J.D. is on vacation. This is a guest post from Jeremy Martin.
You've heard the phrase, “A bird in the hand is worth two in the bush.” I've often wondered about that — should we really settle for half the return just to have a sure thing right now? It could be argued, and convincingly, that our love of immediate gratification is why so many people have so much debt now.
Of course, what are those “two birds”, so elusive off in the bush compared to something concrete in your hand now? How do you know you'll get them? In other words, as you're looking at that new LCD HDTV, what is competing for your money in your head? Without a solid goal, a vision of the future, there is no reason not to buy that latest toy with your credit card. What else are you going to use the money for?
This is why each of us needs a convincing ‘Why'. We need to have a vision of the future so compelling that we can see it even more clearly than the new toys in front of us.
My Why is passive income that can support travel. My mantra is: “Financial Freedom is the ability to travel for a year and come back in a better financial situation than when I left.” That means I could travel another year and implies repeatability. It conjures visions of African safaris, Thai beaches, SCUBA diving, and hiking around the UK hand-in-hand with my family.
This knowledge helps to guide my financial choices. I assume that I could earn 12% on invested money. This means that every $100 I invest could bring $12 a year, or $1 a month. When I look at a $700 TV set, I think, “That could be $7 a month for the rest of my life.” I repeat my mantra — remember my Why — and I don't buy.
[J.D.'s note: Jeremy assumes a 12% investment return. I assume a 7% return. Your assumption may be different.]
Developing a Why
What's your Why? What compels you to get up and go to work each day, to do things you don't want to, and to put up with your boss? Everyone needs some motivation to keep on track, and it has to be a strong image. What is yours?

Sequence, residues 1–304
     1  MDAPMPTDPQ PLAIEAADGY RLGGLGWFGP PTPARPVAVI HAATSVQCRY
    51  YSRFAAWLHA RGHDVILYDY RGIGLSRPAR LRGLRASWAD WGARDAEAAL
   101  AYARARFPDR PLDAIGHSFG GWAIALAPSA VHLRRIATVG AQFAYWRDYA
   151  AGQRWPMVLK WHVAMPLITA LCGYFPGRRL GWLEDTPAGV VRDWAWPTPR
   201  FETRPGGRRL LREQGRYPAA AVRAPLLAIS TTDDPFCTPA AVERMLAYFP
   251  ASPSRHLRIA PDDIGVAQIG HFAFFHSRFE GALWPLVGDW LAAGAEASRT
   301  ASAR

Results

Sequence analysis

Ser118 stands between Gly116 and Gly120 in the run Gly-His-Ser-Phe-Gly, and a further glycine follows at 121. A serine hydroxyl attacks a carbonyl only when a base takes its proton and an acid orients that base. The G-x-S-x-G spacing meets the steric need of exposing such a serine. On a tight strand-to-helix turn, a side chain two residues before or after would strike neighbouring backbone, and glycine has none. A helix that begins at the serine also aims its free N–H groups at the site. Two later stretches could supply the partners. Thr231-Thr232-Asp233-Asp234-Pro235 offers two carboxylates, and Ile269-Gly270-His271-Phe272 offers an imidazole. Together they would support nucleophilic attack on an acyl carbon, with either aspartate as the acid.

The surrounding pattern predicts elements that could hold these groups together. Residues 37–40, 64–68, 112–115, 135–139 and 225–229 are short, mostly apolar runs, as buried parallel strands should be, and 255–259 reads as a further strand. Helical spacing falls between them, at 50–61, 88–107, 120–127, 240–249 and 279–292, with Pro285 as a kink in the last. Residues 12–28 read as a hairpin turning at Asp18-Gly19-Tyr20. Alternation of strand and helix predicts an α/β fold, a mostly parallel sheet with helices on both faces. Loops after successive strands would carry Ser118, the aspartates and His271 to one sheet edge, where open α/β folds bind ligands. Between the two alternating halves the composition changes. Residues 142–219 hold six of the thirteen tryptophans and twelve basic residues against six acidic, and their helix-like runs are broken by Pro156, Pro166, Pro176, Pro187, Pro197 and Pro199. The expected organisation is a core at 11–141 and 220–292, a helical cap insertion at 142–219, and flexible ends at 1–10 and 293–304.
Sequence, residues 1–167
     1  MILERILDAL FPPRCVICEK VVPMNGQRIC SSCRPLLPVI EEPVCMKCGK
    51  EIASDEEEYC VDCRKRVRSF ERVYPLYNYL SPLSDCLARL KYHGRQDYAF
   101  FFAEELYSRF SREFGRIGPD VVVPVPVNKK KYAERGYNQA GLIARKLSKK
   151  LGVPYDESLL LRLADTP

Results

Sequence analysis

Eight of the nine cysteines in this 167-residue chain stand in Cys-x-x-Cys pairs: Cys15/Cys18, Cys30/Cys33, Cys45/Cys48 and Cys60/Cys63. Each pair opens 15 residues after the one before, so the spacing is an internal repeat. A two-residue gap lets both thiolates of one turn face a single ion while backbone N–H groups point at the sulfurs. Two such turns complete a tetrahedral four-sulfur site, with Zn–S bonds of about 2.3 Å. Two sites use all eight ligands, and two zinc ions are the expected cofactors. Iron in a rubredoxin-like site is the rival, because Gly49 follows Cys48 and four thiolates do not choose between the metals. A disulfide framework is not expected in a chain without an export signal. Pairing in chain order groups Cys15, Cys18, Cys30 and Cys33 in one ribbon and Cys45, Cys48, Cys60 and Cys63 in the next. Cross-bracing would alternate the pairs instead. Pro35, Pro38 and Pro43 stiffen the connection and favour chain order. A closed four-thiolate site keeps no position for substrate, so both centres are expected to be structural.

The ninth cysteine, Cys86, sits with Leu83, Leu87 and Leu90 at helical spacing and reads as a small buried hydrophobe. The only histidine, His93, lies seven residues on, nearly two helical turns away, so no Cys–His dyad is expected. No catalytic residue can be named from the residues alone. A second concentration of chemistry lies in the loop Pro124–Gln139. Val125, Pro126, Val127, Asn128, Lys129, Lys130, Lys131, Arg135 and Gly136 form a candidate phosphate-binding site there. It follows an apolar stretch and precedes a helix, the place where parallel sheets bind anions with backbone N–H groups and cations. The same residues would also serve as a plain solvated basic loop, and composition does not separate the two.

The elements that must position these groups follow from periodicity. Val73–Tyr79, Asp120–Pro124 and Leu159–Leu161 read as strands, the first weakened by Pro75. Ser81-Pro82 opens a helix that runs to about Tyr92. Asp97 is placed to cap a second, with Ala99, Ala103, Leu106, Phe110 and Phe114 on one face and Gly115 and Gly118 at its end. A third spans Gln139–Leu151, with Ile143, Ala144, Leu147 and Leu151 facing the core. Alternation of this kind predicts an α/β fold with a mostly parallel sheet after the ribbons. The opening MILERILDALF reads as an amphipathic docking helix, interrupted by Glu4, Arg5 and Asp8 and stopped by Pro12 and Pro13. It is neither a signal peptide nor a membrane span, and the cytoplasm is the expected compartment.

If you can't close your eyes and see your Why in detail, now is a good time to get clarity. Ask yourself the following questions:
- Where have you been happiest?
- What were you doing?
- When you close your eyes and picture yourself incredibly happy, what do you see?
- What makes you forget yourself for hours on end?
- When do you feel best about yourself and your surroundings?
- What do you talk about excitedly?
Desires can be subtle. Maybe you have fond memories of staying somewhere. But it might actually be the time with friends that made the place special. What aspect really touches you?
Find some quiet time to get clear on what moves you, and then visualize it until you can see this compelling future as clearly as your car. You'll know this is working when you look at something you thought you needed and instead see your Why.
The Next Step
This is a demanding, complicated world. It takes a lot of work to get good at something, or to get something you really want. Dave Ramsey says, “Live like no one else, so later you can live like no one else!” Why work hard when you could just watch TV? Why save for some undetermined future when you could watch it on a bigger TV?
Most successful people have spent thousands of hours perfecting what they do. They have a vision of the future and their place in it. Otherwise they wouldn't have bothered with all the work it took to get there. Yet most successful people would tell you that they loved the process — the challenge, the passion, the fun! They've found a vision of the future that compels and excites them, and that's the difference. That's why they are where they are.
In fact, that's why we all are where we are — our previous beliefs and vision of the future. Do what you've always done, and you'll have what you've always had. Create a vision that moves you to do things you've never done before, and you'll find yourself in new, wonderful places. Once you have a Why, no matter how unlikely, the How becomes a lot easier and more enjoyable.
What's your Why? What do you visualize in the morning to get yourself going? What motivates you to do everything you do?
Photo by René Ehrhardt, who has many amazing images on Flickr.